The Black Christ of Portobelo
“Cristo Negro” (Black Christ), referred to by locals as “El Naza” (The Nazarene), is a life size statue of Jesus Christ carved from wood. Iglesia de San Felipe, a Roman Catholic Church located in Portobelo
Panama, is the only home the statue has known. The statue, dating back to 1658, was found on the shores of the Portobelo harbor.
For this reason, many believe that it arrived by ship. One account says the statue was aboard a ship destine for Peru. The ship was set off route by a storm, thus landing in Portobelo. After several failed attempts to leave the port in bad weather, the crew determined that they would need to leave some of the heavier cargo behind. The Black Christ was one of the items they left behind. Another story says that crate carrying the Black Christ was incorrectly labeled to Portobelo. It was meant for the island of Tobaga, but all attempts to send the statue away from Portobelo were met with failure.
Only a couple of things are known about the statue, the Spanish carved it, and it has become an important part of the catholic culture in the small Caribbean town. The belief villagers and pilgrims have in the magic surrounding Black Christ statue is undeniable.
While people pray to the statue all year around, it is on October 21, during the Festival of the Black Christ, when most pay their respects to the adorned statue.
During the Black Christ festival thousands of pilgrims will arrive in Portobelo. Stories of magic and miracles are told surround the image of the Black Christ. The atmosphere is a mixture of religious fervor and festivities. Vendors sell religious items, and there is a procession of the Black Christ statue that involves people having hot wax poured on their bodies. The ritual is said to increase the level of pain as penance towards purity. At the same time, lively music plays, and people celebrate.
The event is truly a pilgrimage. Some walk 53 miles from Panama City; others 22 miles from Sabanitas, a neighboring district in Colon. Many crawl the last mile to the church on their hands and knees. Pilgrims wear purple robes, which are discard at midnight at the foot of the church. The robes denote the wearer as someone following a divine order, a person repenting for a wrong doing, or someone expressing their intense faith in the Black Christ.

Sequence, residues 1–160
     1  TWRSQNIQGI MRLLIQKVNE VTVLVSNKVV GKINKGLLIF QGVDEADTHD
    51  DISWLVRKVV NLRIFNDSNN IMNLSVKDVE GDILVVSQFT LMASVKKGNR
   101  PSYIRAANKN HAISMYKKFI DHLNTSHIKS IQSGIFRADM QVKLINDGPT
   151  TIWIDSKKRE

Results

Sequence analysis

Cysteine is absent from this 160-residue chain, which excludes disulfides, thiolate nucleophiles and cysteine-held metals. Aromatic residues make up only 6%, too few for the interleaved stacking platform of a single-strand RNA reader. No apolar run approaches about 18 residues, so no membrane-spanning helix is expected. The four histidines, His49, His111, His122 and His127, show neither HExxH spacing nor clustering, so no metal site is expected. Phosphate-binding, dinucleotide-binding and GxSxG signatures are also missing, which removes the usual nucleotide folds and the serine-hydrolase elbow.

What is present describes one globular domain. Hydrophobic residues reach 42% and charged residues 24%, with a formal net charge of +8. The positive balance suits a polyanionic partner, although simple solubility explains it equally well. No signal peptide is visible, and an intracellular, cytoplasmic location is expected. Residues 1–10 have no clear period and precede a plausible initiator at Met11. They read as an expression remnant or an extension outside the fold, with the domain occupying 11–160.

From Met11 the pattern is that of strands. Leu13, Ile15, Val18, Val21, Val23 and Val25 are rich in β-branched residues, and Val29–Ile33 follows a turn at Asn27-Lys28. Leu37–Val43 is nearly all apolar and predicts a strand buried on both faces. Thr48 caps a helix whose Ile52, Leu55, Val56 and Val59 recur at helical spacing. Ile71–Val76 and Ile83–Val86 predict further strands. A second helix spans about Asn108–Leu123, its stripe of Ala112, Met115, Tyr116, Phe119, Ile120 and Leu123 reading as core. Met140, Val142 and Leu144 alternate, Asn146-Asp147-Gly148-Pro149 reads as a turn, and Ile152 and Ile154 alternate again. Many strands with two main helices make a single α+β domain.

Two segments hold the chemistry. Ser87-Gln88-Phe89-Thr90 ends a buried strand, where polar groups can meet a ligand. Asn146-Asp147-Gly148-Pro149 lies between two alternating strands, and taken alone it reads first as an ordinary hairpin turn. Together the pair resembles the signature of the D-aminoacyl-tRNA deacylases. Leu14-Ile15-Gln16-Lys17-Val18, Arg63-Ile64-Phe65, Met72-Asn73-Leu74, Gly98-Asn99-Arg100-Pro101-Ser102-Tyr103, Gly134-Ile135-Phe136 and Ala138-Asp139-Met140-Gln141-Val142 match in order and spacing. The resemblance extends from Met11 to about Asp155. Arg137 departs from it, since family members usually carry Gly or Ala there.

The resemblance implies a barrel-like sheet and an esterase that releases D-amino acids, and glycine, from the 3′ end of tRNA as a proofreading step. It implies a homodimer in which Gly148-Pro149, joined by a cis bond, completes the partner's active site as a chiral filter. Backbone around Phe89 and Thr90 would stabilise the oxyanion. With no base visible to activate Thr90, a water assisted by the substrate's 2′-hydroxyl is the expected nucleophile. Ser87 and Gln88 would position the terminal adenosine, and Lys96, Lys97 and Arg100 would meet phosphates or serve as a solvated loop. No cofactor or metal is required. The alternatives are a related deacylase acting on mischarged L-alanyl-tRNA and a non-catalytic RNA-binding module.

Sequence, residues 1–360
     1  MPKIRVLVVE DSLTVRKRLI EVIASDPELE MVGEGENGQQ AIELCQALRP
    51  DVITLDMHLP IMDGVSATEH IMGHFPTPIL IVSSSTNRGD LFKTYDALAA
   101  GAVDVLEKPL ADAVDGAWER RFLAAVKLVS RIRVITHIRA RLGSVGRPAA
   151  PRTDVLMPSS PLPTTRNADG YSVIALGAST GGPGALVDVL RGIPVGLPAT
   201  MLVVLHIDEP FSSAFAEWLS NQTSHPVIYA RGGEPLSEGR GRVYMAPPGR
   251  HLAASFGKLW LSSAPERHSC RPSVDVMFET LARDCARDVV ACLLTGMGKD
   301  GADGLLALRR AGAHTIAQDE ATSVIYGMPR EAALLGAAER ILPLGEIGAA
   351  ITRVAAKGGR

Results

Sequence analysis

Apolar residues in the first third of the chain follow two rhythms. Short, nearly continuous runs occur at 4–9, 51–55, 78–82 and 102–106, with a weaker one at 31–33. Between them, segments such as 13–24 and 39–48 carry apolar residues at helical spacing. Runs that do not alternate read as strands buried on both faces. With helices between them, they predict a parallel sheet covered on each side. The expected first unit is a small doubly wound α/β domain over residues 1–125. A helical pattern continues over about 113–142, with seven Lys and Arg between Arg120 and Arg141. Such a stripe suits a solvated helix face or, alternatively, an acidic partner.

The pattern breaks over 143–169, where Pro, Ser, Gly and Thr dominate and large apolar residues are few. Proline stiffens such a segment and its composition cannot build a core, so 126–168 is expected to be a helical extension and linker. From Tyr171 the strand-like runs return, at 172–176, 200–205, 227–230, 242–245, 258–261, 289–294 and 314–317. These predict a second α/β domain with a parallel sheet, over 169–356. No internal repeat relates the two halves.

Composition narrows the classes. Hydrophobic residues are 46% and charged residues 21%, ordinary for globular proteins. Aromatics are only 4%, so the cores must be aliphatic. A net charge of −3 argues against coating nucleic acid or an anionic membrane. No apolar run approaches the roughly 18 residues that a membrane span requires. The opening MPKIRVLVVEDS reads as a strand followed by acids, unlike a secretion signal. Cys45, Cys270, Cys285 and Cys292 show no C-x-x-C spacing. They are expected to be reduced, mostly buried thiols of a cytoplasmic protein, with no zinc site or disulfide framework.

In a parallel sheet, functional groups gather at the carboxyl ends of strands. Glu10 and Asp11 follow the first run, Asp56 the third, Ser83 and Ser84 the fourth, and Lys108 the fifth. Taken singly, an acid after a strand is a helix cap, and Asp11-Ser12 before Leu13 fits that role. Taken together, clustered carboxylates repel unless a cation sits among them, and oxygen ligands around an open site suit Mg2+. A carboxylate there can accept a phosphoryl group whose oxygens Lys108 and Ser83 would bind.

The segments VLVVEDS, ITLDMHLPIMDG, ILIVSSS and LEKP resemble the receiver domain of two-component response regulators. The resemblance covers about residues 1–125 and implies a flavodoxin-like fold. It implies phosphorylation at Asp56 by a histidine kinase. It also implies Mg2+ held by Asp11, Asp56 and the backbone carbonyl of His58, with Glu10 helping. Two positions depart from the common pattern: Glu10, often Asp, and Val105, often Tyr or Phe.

There is no shortage of miracles attributed to Cristo Negro. One miracle is said to have occurred when the Black Christ arrived in Portobelo.
The town’s population was devastated by a cholera epidemic… a settler, desperate to bring the town back to health prayed to the Black Christ for help. The next day the epidemic disappeared.
Several years ago a pilgrim, who has chosen to keep her identity unknown, told us her story.
Each year, she walks 22 miles to see the Black Christ every year. She said:
“My mother had cancer, so I made a promise to the Black Christ and she recovered. Since then I started walking to Portobelo for this event. I start walking at 11 pm and get there at 5am. It is hard, because it’s a really long distance. October is rainy month and it is cold at night. When I get close, I find the strength to run up to San Felipe Church. When I see the Black Christ I feel extremely excited and can’t stop crying.”
The Black Christ is also well known in other countries of Latin America because of the song “El Nazareno” that the popular Salsa singer, Ismael Rivera, wrote for him as a thank you for helping him kick a drug addiction.
After Ismael recovered from his addiction, he visited Portobelo (from 1975 to 1985), before cancer of the throat took his life.
Every year many devotees return to ask for favors. However it is warned that promises made to the Christ must be kept. Believes say “El Cristo Negro cobra”, or the Black Christ collects dues.
Others call the Black Christ the “patron saint of criminals” as “maleantes” or bad guys walking to atone for their crimes are among those making the pilgrimage.
Up to 80,000 people will make the journey to Portobelo this October 21. Like each year before, at 6:00 p.m. mass will be called. The Church of San Felipe will be full of devotees. After mass at around 8:00 p.m. men with shaved heads and bare feet dressed in purples robes, carry the Black Christ statue around the town, the procession of the statue lasts about four hours. With lively music playing the parade is celebratory. Naturally, being selected to carry the statue is a great honor.
A museum, built to honor the Black Christ, sits in the heart of town. Exhibits display the robes the Black Christ has worn over the years. During the Black Christ festival the robe is changed to a wine colored robe. The robe will be changed for purple during Holy Week. Since robes are often made with valuable materials like gold trim and lace, they can be valued at upwards of 1000 dollars.
During Spanish colonialism, Portobelo was one of the most important settlements, used as a staging area for shipments of raw materials and gold traveling back to Spain. A lot of history, and fortifications still remain in the town. Without a doubt the black Christ festival is unique, and one worth experiencing.
Portobelo is an hour Drive from Panama City, and about 2.5 hours from Coronado. If you happen to be in Colon the trip will take you less than thirty minutes.